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Esther Perel Is Fighting the “Tyranny of Positivity”

Within the first 60 seconds of our conversation, the psychotherapist Esther Perel introduces me to a concept she calls “enforced presentism.” It’s a feeling you might know well from the pandemic. “You can’t think two days ahead,” says Perel. “Everything is in the moment, and you’re dealing with this chronic unpredictability and stress.”

You might expect Perel to be better equipped than most to deal with such turbulence, given her experience in navigating romance and relationships, surely one of the most troubled and anxiety-inducing human experiences. Over the last four decades, she’s become one of the world’s most renowned relationship therapists, writing two bestselling books about couples, desire and sexuality, Mating in Captivity, and The State of Affairs, and hosting two podcasts, Where Should We Begin? And How’s Work? (Both invite listeners into sessions she conducts between people who are romantically or professionally connected.)

But Perel says her pandemic got off to a difficult start. First, she was scared. Then, she had to come to terms with the fact that, according to the covid classifications, no matter how she thought of herself, she was technically elderly. In the next phase, she coordinated a yoga group with friends on three continents. She started going on hikes and walks. She recorded seasons of both of her podcasts.

“Then, one day I woke up and I said, I want to create a game,” she remembers. “I want to create a happy project. I can’t deal with the loss, the sadness, the grief, the uncertainty—those existential aspects. I also want to deal with the part of us that keeps us connected to playfulness, to curiosity, to the unknown.”

That turned into a card game (also) called, “Where Should We Begin? A Game of Stories”. Filled with thought-provoking prompts—think “I’ve always wondered if it’s normal to…” and “The last promise I broke was…”—it’s meant to facilitate connection by getting people to tell stories that they might otherwise hide behind conversations about the humidity. More importantly, it’s as an antidote to the fog of enforced presentism, and a buffer against the atrophied social skills we might all carry into the world as it lifts.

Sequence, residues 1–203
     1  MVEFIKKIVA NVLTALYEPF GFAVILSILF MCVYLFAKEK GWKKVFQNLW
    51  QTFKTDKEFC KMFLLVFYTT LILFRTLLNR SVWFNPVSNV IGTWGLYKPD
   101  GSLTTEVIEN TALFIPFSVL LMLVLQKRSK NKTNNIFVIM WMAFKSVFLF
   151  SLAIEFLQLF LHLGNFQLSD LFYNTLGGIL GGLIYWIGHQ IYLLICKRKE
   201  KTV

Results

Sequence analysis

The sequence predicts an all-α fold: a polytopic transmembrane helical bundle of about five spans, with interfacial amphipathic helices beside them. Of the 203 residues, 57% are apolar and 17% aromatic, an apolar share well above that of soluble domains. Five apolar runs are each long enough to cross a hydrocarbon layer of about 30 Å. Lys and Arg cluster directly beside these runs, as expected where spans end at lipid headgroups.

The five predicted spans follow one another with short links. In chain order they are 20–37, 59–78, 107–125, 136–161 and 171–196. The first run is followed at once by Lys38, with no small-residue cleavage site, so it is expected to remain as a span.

Here, she talks about entering back into the world, the proliferation of the term “trauma,” fixing our work-as-identity problems, and why we need to retire the idea of the soulmate.


GQ: Based on what you’ve seen in your work—and just anecdotally or personally—what are the things, relationships-wise, that people have most been struggling with in the last 18 months? What do you think will continue to be issues as we re-emerge into a sense of normalcy?

Esther Perel: Big crises always operate as relationship accelerators. Especially a pandemic and a disaster says, “Life is short. Life is fragile. Things could end any moment.” People articulate the awareness of mortality—we usually try to not be too aware of it. So you instantly begin to sharpen your priorities and you start to disregard the superfluous and the unimportant and the misguided.

You begin to say, “What am I waiting for? Let’s move in together. Let’s have the babies we’ve been wanting to have. Let’s get married. Let’s move.” Or: “I’ve waited long enough. I’m out of here. This is no longer sustainable to me.” It goes in those two directions. It’s what I want and what I no longer want.

So at this moment, most of my colleagues, we are talking about the avalanche of disruptions that have taken place in relationships, and the consequences thereof. I would say there’s been a lot of different kinds of disruptions. Collapse of boundaries: people have never worked as hard, and they have had to turn their house into a gym, a restaurant, an office, a school, all of it, while sitting on the same chair. That’s been a real challenge for people.


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